How does complexity and diversity evolve out of simple systems, if the tendency in the universe is towards entropy in single processes over time? The first three thermodynamic laws fail to explain this process. That is why more explanations are necessary to explain why systems such as civilizations evolve, and why they do not last. While the 4th, 5th, and 6th proposed laws dictate the principles, Emergy Synthesis can give useful tools for evaluating the details of structural, economic, and social organization in ecosystems and economies.
The basis for HT’s ideas about hierarchy and energy is the maximum power principle, which explains why systems such as civilizations can self-organize out of the universal tendency towards entropy. Energy drives complexity by transformation through work into higher and higher hierarchies of complexity and order, reinforcing production through feedback loops to maximize available energy acquisition. The reformulation, Maximum (Em)Power, describes the maximum rate of emergy acquisition. “In time, through the process of trial and error, complex patterns of structure and processes have evolved…the successful ones surviving because they use materials and energies well in their own maintenance, and compete well with other patterns that chance interposes” (Odum). The maximum empower principle is a description of how self-organization develops over time, between scales, in complex systems, using energetic processes. The key processes are autocatalysis and hierarchy.
Higher energy flows create more spatial hierarchy and complexity (relationships), leading to more diversity (variety). Diversity requires flows of energy and is a stored manifestation of previous energy flow. The simplest measure of complexity is probably a richness index, where you count the diversity in a sample of individuals in the population, such as the number of types of jobs in a city’s sample, or the number of species of shells on a stretch of beach. Then number of types can be graphed against number of individuals.
“Diversity can be used to measure the state of a system in the balance between energy flows that develop diversity and those negative actions that may decrease diversity. Studies of pollution, for example, show decreases in diversity indices correlated with negative actions. Often high diversity requires large flows of energy relative to negative actions, and often time is required to develop diversity starting with low diversity states” (Odum, 1983, p. 343). “When conditions of adaptation are severe, diversity of species is usually observed to be low. Species that prevail have energy utilized in special adaptations such as special biochemical systems, special organs, and special seasonal adaptive programs. Presumably, energy is being utilized for adapting to special conditions with less energy remaining for the special functions required to prevent competitive exclusion and otherwise organize species for cooperative coexistence” (p. Odum, 1983, p. 345).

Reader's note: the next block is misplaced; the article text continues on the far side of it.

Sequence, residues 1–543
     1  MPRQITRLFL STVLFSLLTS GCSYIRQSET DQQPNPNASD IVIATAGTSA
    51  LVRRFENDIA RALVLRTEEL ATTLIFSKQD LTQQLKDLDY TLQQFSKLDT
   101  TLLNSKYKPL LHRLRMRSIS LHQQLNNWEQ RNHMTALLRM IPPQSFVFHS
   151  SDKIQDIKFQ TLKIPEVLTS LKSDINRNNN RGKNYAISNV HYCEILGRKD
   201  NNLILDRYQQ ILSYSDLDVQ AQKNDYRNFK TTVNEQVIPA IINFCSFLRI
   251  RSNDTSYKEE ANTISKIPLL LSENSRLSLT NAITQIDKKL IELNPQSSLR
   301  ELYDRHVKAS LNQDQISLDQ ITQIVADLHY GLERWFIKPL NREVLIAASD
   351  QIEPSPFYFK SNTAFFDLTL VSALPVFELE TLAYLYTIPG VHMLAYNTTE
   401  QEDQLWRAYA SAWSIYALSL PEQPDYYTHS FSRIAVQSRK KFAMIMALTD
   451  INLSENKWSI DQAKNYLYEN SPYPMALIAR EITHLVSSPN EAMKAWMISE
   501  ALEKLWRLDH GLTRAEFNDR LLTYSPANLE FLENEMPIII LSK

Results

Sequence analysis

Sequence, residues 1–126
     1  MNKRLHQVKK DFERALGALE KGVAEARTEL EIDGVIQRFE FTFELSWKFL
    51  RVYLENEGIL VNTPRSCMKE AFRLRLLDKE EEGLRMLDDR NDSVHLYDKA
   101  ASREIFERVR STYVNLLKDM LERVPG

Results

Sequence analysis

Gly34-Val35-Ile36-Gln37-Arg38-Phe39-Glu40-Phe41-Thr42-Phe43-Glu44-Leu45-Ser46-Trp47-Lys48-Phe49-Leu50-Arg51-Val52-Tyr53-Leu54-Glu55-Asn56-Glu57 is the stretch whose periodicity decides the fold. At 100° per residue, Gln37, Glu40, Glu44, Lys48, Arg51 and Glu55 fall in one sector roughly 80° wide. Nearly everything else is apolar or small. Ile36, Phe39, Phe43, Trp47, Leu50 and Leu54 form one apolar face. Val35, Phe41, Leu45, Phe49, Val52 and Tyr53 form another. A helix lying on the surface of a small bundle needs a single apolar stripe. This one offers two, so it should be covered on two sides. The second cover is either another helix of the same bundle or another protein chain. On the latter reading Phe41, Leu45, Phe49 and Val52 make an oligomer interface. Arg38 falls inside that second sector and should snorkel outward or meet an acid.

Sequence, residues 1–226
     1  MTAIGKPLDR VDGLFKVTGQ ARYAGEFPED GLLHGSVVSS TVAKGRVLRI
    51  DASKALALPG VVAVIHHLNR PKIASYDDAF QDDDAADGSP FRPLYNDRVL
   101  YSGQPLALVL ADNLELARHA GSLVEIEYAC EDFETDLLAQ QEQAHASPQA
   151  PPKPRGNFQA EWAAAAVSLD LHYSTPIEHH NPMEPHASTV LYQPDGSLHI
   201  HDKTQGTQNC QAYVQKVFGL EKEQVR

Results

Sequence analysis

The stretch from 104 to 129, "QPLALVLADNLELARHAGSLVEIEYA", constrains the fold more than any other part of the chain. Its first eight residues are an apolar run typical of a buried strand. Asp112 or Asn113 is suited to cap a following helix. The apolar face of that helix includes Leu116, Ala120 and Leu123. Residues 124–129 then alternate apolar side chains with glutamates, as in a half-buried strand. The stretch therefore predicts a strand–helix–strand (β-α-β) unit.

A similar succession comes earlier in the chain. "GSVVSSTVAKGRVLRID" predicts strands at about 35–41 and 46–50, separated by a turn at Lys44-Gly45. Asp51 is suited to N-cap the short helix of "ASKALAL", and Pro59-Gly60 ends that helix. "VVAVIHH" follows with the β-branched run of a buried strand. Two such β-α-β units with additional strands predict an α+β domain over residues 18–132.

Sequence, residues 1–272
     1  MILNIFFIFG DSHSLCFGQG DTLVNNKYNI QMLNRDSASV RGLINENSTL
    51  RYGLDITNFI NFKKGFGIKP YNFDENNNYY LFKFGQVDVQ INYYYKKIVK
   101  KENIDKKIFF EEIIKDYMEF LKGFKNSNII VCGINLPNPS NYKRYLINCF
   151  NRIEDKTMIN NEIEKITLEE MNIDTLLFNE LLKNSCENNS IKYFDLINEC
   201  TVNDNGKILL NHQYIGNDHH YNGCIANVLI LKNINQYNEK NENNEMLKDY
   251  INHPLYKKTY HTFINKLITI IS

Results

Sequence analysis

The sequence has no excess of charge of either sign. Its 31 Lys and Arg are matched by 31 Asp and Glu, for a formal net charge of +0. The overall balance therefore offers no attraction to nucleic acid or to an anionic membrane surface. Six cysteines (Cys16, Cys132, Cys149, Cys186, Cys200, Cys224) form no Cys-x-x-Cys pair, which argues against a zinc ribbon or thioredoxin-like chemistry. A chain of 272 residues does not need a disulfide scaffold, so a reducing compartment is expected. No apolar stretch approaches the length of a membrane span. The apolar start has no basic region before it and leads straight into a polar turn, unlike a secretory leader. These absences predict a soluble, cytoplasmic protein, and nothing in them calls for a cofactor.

In plant succession, multiple seeding and initial colonization constitute the choice generator, whereas mineral cycles and developing food chains provide choice machines for rewarding the plants by developing feedback loops. . . In higher organisms, selection may be programmed into the behavior of managerial species such as carnivores. In humans, the introduction of will, consciousness, and group-favoring motivations (e.g. religious, economic, egoistic) further specializes the selection of subsystems. These mechanisms help maximize empower”(Odum, 2007, p. 233).
Loose associations of mobile organisms are found in lower levels of the energy hierarchy, whereas concentrated, intricately connected, monolithic rigid structures tend to develop where power flows are highly concentrated in hierarchical centers (Odum, 2007, p. 230).
Without power excess, not much change of structure and information is possible, and losses of structure may occur (Odum, 2007, p. 238). . . In human affairs, the evolution of complex industries with specialized occupations is [a process of speciation and insulation.] Each industry receives selective reinforcement and economic rewards for contribution to the larger economy. Whereas maximizing expansion takes precedence during times of growth on excess resources, contributing to the rest of the system takes priority at other times (Odum, 2007, p. 241).
Transformities can therefore play sometimes the role of efficiency indicators and sometimes the role of hierarchical position indicators. Both of these aspects are strongly related with the complexity of an ecosystem” (Brown & Ulgiati, 2009, p. 314).
Further analysis through emergy signatures can further inform us as to the forces that drive system complexity. What changes in complexity result from alterations such as pollution or unsustainable activities? How do quantity and quality changes in emergy flows impact development? One example using energy signatures is depicted below and in Brown & Ulgiati (2009).